Maurice Schmidt

Twin Tractors - Maurice  Schmidt

Twin Tractors, 1989

Painting oil on linen  
50 x 60 in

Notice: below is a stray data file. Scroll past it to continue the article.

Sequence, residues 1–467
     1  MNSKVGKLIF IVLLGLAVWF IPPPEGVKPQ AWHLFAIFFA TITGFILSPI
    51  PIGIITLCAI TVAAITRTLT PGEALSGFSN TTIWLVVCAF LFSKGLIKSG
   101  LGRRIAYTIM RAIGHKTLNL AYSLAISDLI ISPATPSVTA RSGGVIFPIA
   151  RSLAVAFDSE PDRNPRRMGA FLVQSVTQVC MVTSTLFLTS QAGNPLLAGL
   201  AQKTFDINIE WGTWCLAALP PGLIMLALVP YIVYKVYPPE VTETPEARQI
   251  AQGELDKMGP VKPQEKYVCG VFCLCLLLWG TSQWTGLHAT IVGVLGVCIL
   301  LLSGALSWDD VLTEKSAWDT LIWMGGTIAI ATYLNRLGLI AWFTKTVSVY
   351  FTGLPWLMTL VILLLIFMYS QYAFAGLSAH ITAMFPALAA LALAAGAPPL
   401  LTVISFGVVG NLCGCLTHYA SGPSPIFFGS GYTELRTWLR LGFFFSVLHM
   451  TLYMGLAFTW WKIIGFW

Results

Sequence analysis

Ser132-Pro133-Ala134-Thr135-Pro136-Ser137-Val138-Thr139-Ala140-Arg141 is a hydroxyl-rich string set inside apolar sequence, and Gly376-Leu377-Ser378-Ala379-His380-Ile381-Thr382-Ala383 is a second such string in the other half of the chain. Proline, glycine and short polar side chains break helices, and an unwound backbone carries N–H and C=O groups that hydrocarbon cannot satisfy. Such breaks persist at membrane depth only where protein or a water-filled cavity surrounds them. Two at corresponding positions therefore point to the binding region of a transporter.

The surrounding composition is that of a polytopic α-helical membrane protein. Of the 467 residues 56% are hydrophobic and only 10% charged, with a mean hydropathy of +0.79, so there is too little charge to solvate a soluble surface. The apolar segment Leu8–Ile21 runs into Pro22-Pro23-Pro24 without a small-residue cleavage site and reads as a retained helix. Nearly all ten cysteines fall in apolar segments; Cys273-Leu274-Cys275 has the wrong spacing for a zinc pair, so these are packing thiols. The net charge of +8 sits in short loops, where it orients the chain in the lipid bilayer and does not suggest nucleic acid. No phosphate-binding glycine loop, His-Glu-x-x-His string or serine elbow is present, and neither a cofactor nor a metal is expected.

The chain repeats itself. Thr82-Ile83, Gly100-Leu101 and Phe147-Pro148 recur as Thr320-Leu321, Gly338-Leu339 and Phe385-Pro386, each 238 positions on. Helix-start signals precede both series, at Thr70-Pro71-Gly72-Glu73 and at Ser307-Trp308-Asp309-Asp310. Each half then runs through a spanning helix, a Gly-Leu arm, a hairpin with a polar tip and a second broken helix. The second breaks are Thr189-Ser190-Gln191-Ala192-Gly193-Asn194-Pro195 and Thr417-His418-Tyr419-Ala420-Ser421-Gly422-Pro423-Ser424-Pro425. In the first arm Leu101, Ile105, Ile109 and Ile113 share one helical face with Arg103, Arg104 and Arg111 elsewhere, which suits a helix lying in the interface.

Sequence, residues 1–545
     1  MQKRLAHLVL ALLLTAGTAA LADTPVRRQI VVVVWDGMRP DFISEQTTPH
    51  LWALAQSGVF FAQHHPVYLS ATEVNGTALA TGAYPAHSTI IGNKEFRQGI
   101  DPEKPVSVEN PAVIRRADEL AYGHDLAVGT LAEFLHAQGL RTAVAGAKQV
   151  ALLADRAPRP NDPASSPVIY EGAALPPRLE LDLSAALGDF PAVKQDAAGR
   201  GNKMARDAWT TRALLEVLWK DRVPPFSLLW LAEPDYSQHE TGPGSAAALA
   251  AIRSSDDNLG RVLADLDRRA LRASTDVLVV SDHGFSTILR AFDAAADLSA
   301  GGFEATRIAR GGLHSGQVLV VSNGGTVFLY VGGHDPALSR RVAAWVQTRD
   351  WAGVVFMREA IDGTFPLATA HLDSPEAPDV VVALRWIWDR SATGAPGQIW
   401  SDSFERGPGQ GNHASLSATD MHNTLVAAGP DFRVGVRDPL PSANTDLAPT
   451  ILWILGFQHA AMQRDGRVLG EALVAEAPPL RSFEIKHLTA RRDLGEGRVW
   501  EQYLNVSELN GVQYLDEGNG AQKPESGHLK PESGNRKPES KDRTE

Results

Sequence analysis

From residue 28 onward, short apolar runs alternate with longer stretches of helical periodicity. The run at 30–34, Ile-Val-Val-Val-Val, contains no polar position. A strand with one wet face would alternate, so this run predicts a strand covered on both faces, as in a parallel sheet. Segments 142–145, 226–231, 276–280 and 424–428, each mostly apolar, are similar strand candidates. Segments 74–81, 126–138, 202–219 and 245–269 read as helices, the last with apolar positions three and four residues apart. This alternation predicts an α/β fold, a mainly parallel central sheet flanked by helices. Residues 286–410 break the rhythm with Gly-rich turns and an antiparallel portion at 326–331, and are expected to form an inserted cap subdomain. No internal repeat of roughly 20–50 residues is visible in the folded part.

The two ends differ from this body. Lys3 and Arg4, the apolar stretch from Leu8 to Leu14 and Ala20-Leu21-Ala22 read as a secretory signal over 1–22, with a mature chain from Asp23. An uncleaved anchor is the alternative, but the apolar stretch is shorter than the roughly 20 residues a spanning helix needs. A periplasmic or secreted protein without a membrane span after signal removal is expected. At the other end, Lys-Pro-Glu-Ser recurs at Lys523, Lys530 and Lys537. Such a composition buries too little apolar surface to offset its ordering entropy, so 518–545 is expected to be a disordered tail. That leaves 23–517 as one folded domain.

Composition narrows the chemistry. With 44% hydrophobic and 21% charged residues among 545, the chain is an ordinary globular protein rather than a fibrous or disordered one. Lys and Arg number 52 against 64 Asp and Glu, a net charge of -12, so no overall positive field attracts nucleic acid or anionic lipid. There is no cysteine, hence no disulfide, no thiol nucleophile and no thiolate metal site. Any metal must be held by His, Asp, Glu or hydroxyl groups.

TWIN TRACTORS (HOSEA 2:23-25) “I will respond, saith the Lord, I will respond to the heavens. And they shall respond to the earth; And the earth shall respond to the corn, and the wine, and the oil;… And I will have compassion upon her that had not obtained compassion; And I will say unto them that were not My people: ‘Thou art My people.’ And they shall say: ‘Thou art my God.’” A tractor changes the color of the field it labors in. A red tractor draws out the tans on the Earth and the purple in the sky. A green tractor, like the John Deere, pulls yellows and blue greens out of the ground and tends to melt into the soft blue elements of the heavens. On a Sabbath morning on my way to services, I saw this scene; these two green tractors reaching the edge of the field near the road as I was driving by. One was coming towards me and the other had just turned around and was going away. It was tilling time and the corn was high. As they came parallel, the one moving forward and the other going back, an incredible burst of color energy was generated between the tractors themselves and simultaneously throughout the field. Almost like an electric burst, the colors showered over me. Symmetries of space were also formed, by the tillers at the ground plane, the farmers in their cabs, sitting exactly on the horizon line and protruding upward into the heavenly plane. Here we see the farmer as midwife to the Earth. He tills and sows and the heavens respond. God waters the earth and the fertile soil responds with her abundant, life-giving offspring. Evoking this Biblical metaphor, Hosea is calling his people, who have strayed like an unfaithful wife, to return, to leave the wilderness of false gods and become again fields of abundance. Hosea describes a very sensuous, almost orgasmic-like embrace between God and man, but it’s an old biblical metaphor for an eternal covenant. Some of this covenantal sensuousness may have crept into the painting. The space between the two tractor cabs form a rectangle of space of about the same proportion as the Ark of the Covenant, and from a distance the yellow hubs of the tractor wheels protrude into the field as the staves of the Ark protruded through the veil of the Holy of Holies as one great sage writes, “like the breasts of a woman.”

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